Five years ago, the world's tiger countries came together in the face of drastic tiger population decline to set an ambitious goal. With as few as 3,200 wild tigers remaining, a 97 per cent decline from historic populations, governments agreed to double the number of wild tigers by 2022 -- the next year of the tiger. Five years into this ambitious campaign, we have started to see some extremely promising results in Nepal, a country which is becoming known for its innovative work to protect charismatic species like the tiger, rhino and elephant.
The minute an earthquake (or any emergency) hits, women's organizations are responding. Before the humanitarian machine kicks in, before food aid drops, before reconstruction efforts get started, women's organizations are creating makeshift shelters, finding and preparing food, protecting girls and caring for the sick. They are an essential part of recovery and a huge asset in relief and reconstruction efforts.
Life in Nepal is nowhere near returning to normal, and will not be for many years to come. If your house and place of business had crumbled to the ground, and you were sleeping under a tent in the local park, croissants and gasoline wouldn't mean much -- especially if your children were coping with emotional distress like the children in Nepal.
At 23 years of age, Nasreen Sheikh radically redefines what it means to be a Nepali woman. She is a Sunni Muslim living in a predominately Hindu community and is the founder of a fair-trade sewing collective called Local Women's Handicrafts. Nasreen is an outlier in her community. Typically, most Nepali girls marry between the ages of 15 and 18. The pressure to have a married daughter began to increase with each year Nasreen remained single however, and in 2014, Nasreen's parents decided that they had to take action. For Nasreen, this arranged marriage would have meant the end of Local Women's Handicrafts.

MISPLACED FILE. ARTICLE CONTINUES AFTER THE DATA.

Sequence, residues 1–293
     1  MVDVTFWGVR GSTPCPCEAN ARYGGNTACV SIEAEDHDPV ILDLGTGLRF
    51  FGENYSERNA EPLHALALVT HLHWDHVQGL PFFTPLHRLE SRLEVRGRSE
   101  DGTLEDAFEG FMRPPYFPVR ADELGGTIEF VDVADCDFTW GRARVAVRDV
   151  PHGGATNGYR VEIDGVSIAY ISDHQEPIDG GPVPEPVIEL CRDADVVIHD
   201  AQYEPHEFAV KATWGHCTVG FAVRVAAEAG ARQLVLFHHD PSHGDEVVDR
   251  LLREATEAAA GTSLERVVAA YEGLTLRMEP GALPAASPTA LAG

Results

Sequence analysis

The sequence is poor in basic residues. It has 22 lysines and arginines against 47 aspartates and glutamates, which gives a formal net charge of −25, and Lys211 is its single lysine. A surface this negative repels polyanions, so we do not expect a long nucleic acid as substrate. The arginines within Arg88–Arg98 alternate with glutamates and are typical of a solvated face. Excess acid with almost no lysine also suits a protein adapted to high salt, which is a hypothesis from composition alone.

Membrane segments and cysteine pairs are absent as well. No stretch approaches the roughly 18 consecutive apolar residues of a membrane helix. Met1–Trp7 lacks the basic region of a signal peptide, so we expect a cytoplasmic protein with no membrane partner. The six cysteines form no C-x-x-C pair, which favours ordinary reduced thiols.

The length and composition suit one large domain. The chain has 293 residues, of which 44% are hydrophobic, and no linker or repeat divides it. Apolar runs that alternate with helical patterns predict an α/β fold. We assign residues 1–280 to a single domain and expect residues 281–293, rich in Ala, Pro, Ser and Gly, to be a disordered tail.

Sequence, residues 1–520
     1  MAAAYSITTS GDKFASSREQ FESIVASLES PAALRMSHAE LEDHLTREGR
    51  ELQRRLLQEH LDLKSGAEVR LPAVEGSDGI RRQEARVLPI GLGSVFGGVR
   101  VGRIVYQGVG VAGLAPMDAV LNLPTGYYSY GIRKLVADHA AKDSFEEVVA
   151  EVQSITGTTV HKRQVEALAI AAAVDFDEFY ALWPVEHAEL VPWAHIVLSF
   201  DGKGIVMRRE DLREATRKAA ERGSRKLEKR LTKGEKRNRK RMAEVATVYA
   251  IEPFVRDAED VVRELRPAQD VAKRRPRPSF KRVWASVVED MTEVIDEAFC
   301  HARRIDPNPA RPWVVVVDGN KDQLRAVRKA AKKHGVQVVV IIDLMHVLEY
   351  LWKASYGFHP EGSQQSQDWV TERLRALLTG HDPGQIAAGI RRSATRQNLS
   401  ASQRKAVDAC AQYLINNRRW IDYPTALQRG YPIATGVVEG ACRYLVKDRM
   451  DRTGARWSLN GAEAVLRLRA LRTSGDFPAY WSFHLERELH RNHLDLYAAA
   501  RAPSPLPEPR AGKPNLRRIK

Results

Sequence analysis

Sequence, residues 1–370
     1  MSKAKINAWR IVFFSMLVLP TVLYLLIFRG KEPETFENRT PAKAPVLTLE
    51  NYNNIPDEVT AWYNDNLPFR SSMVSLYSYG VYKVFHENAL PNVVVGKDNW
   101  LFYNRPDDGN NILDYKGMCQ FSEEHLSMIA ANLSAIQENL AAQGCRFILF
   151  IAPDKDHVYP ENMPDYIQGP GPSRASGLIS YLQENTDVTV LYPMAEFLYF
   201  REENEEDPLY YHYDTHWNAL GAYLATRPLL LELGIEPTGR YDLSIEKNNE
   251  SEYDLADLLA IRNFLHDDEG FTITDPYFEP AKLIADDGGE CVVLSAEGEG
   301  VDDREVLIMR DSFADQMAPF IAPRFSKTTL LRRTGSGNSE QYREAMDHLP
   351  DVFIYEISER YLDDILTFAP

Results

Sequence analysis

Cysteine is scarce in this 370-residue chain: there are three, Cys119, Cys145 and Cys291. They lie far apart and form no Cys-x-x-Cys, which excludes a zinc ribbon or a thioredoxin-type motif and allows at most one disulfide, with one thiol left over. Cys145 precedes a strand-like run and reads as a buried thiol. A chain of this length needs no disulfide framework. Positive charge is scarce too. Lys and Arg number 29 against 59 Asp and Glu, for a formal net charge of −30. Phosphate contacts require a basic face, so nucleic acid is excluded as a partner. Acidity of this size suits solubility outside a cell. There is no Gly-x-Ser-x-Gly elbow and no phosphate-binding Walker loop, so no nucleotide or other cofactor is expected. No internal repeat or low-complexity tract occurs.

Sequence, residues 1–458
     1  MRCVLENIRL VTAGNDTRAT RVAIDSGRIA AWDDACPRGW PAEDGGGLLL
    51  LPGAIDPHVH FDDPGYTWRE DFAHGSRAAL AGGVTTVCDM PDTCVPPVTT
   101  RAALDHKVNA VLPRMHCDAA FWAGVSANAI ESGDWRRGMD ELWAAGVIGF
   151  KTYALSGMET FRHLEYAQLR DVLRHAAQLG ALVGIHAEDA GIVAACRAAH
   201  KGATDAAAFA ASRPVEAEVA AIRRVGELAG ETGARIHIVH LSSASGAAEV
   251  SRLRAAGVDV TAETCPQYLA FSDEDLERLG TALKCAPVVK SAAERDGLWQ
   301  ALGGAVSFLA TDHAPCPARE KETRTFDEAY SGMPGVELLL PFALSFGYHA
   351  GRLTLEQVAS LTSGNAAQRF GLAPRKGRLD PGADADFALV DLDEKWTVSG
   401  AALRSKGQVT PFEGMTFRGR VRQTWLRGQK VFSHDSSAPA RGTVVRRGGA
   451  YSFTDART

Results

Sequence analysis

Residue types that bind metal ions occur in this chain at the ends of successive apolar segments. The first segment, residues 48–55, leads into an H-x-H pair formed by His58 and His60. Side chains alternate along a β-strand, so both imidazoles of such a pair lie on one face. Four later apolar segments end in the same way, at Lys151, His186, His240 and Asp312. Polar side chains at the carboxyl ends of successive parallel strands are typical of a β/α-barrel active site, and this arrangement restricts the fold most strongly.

Poonam Thapa, a former sex slave in Nepal, is a jurist and educator for the World Children's Prize, a global initiative that teaches children in all parts of the world about their rights. Each year the WCP brings together a jury of 15 young people from all parts of the world. These children are experts in child rights thanks in part to training they receive, but more importantly, for many of them, because of their own life experiences as former child slaves, soldiers, refugees and street kids.